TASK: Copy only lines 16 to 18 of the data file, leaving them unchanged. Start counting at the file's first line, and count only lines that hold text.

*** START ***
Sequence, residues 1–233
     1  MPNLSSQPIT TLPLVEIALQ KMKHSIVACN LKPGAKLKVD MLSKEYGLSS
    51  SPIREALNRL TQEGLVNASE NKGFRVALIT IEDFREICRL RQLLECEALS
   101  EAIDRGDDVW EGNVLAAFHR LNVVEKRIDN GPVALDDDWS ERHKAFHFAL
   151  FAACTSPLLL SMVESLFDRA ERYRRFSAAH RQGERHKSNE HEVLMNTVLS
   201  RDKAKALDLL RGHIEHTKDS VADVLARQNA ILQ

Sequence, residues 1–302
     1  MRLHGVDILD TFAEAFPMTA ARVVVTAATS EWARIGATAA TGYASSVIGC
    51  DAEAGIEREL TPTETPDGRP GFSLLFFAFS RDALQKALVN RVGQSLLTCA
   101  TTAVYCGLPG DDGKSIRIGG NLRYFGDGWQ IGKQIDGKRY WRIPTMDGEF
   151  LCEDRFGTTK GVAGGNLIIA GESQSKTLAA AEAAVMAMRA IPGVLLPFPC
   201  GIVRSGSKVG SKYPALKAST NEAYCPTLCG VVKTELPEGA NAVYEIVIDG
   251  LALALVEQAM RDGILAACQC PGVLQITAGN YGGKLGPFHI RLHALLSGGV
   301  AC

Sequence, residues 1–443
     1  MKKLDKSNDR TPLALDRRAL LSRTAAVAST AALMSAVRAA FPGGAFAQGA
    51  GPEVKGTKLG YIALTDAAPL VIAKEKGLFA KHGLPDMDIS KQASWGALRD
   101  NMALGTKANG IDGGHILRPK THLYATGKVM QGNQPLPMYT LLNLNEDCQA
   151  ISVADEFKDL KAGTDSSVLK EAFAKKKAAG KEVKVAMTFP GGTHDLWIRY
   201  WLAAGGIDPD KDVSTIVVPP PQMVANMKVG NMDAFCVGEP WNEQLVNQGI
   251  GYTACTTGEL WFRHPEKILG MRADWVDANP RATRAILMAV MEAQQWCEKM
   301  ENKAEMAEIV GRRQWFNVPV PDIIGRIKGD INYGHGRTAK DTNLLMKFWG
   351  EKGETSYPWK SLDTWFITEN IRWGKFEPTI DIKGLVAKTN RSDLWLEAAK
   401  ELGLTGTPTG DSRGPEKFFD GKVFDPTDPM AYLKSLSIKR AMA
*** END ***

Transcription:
     1  MKKLDKSNDR TPLALDRRAL LSRTAAVAST AALMSAVRAA FPGGAFAQGA
    51  GPEVKGTKLG YIALTDAAPL VIAKEKGLFA KHGLPDMDIS KQASWGALRD
   101  NMALGTKANG IDGGHILRPK THLYATGKVM QGNQPLPMYT LLNLNEDCQA